JENNETT: You've added an extra step.

ASSISTANT MINISTER: That's being negotiated. I can't comment for Don Farrell, the Minister. He'll have responsibility for that. We're trying to make it as much like a Federal campaign as possible with this extra education campaign that will be funded by the taxpayer. We don't think that you need to fund the Yes and the No cases because there's going to be plenty of support in the community for those - both campaigns, and the government funds the education campaign, that's probably enough.

MCKENZIE: But, Matt, to be fair to your point that you want it to be like a Federal election campaign, we can track donations in a Federal election campaign because there are the official parties that those donations have to be funnelled in, and so that it's all very open and transparent for the public. You're not doing that by not allowing there to be an official Yes and official No campaign for this particular referendum. That's what we're asking for.

JENNETT: And would you support it, Don Farrell, it appears to be in play for Don Farrell. Are you actively pursuing that agreement with the hope that you can pull bipartisanship?

MCKENZIE: I hope so, Greg, because we all have to respect the outcome of whatever happens at the referendum, right? It has to be a moment where we accept it and we can accept it if the process itself has integrity. Everyone can have confidence in that. And that's why having that official Yes and No case to funnel donations through and to be sort of that trusted source of -- source of knowledge for either side of the campaign is so important.

JENNETT: Alright. One final one, Matt, online casinos, the ABC has been reporting at least one firm from the Caribbean seems to have got through and managed to advertise in in country. Can that be closed off?

ASSISTANT MINISTER: Well, it should be because it's illegal. And that was a great report from the ABC that uncovered what was going on. It's illegal under Australian law, under our gambling laws, to their service, and I understand that they're doing it through social media, through Facebook predominantly.


ASSISTANT MINISTER: And it should stop. The government's looking at that and making sure that the law's upheld.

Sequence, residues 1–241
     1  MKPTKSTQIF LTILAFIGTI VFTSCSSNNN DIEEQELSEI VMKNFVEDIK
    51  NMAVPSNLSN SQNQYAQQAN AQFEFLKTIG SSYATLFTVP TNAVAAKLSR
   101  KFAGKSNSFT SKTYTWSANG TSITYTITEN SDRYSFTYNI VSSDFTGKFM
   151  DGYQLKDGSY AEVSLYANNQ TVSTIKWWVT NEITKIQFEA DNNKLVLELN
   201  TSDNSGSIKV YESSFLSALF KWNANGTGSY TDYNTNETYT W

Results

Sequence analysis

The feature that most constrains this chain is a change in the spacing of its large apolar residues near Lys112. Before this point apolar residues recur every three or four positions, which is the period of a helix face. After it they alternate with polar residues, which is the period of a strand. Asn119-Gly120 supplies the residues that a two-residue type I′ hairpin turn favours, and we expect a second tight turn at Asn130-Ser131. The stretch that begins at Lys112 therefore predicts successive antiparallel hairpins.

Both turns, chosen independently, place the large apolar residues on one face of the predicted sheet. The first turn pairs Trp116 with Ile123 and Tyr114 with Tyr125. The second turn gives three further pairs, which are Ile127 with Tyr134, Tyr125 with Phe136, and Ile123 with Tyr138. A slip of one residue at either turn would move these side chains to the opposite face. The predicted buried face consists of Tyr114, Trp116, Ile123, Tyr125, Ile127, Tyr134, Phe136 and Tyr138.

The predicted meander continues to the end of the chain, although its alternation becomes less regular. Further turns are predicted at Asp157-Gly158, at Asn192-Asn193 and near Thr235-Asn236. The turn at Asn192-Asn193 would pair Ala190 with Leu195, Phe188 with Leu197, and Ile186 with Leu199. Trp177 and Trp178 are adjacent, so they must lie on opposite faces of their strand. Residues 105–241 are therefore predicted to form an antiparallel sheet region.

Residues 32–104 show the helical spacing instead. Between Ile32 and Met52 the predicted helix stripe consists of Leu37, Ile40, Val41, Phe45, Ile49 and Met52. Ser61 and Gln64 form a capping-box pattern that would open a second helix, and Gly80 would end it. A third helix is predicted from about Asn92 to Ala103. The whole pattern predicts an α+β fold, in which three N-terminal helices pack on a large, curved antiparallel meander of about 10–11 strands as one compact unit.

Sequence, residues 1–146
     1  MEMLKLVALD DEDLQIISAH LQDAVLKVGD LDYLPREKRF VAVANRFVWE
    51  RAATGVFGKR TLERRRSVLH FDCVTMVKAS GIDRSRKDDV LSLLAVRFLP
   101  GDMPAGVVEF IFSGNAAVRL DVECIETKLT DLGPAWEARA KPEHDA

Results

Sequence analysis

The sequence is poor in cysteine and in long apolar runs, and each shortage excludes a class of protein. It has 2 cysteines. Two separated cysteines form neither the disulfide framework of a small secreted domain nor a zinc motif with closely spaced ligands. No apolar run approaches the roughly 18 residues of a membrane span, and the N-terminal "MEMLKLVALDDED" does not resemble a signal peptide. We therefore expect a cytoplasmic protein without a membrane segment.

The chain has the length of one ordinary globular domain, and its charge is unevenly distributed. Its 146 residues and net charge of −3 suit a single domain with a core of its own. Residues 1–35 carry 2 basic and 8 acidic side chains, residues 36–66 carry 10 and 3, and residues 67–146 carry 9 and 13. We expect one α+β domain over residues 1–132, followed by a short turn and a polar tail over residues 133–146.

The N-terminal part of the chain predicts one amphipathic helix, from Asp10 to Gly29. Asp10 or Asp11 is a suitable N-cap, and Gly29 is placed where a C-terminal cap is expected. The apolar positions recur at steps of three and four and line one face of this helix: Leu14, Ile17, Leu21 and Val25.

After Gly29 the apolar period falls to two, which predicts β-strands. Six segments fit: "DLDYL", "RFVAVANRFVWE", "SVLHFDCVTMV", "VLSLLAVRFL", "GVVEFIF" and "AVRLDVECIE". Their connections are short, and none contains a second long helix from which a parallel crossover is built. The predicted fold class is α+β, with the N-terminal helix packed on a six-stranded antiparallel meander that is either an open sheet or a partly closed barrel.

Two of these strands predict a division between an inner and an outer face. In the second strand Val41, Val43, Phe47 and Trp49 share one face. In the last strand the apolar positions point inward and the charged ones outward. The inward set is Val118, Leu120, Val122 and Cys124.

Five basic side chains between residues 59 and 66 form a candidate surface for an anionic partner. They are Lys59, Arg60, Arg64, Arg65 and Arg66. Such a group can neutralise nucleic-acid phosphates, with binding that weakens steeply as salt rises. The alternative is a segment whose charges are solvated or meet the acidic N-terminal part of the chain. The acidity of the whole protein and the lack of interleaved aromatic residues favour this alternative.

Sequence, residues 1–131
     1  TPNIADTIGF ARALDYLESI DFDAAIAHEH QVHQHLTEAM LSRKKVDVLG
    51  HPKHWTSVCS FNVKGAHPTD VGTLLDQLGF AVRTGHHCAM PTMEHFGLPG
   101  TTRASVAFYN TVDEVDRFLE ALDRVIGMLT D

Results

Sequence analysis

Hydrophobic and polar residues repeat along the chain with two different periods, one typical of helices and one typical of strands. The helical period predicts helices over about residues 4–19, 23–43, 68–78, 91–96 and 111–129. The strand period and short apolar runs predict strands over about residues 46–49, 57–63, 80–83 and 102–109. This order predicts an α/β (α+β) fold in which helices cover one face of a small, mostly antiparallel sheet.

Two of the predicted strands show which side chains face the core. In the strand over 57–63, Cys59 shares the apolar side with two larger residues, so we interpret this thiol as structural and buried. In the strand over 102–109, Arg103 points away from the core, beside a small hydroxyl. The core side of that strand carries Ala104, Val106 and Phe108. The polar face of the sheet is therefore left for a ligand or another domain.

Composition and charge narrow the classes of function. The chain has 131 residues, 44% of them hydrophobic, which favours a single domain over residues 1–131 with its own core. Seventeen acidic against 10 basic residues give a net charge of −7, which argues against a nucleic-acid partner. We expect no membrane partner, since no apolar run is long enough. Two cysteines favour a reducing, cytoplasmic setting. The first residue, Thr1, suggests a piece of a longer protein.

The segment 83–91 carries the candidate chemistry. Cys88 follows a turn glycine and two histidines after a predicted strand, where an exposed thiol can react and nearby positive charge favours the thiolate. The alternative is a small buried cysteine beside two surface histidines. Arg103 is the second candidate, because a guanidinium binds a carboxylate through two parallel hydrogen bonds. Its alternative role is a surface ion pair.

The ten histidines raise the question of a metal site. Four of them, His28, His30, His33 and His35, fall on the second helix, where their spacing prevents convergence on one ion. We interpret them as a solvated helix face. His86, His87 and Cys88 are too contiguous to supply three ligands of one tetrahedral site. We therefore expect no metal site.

JENNETT: Is that a regulatory thing as far as you can tell, Bridget McKenzie, or one of enforcement and technology?

MCKENZIE: Well, if it's already illegal and it's happening, then it would tell me that's an enforcement issue. But at the end of the day it's about big tech. We have seen issues with TikTok, we have seen issues with data breaches. This government needs to get serious about protecting Australians from overseas big tech companies that are using our data and - through this example outlined by the ABC potentially exposing Australians to illegal gambling.

JENNETT: Alright. And the Safeguard Mechanism been discussing a lot today, Matt, the IPCC report, everyone is using it to suit their argument for and against the bill. But what likelihood and that this will actually be put to rest in the next 48 hours or so?

ASSISTANT MINISTER: I'm hopeful we'll get that important reform through Parliament in this sitting fortnight. I think it's perfectly highlighted by this fact. The companies captured by that, top 200 commuters, generate about 273 million tonnes of pollution a year. Without the Safeguard Mechanism, business as usual, that will rise to 83 million tonnes 2030. If we get the Safeguard Mechanism in place, it falls to 52 million tonnes 2030. That statistic highlights why we need to get this reform. It's emissions increasing and falling under the Safeguard Mechanism.

JENNETT: That's the argument Bridget McKenzie but none of it alters your view.

MCKENZIE: No absolutely, we had a credible path, lowering emissions over time that wouldn't cost people their jobs and would put downward pressure on energy prices. What we're seeing this government under -- are pricing going through the roof F they do a deal with the Greens on this getting coal and gas out of our economy and flipping very quickly to, you know, a more reliable - the renewable energy sources we're just going to see prices go through the roof. The IPCC, the bits I love about - and I would love Matt, the Labor Party to adopt this recommendation from the IPCC, that you cannot get to net zero globally without the adoption of both nuclear and carbon capture and storage as that pathway forward, as technologies that are absolutely essential. You can't pick and choose on the IPCC I'd say, Greg.

JENNETT: There a 1-hour debate we're not having today but we might have next time. Bridget McKenzie and Matt Thistlethwaite. Thanks both. Thanks for coming back. We'll talk soon.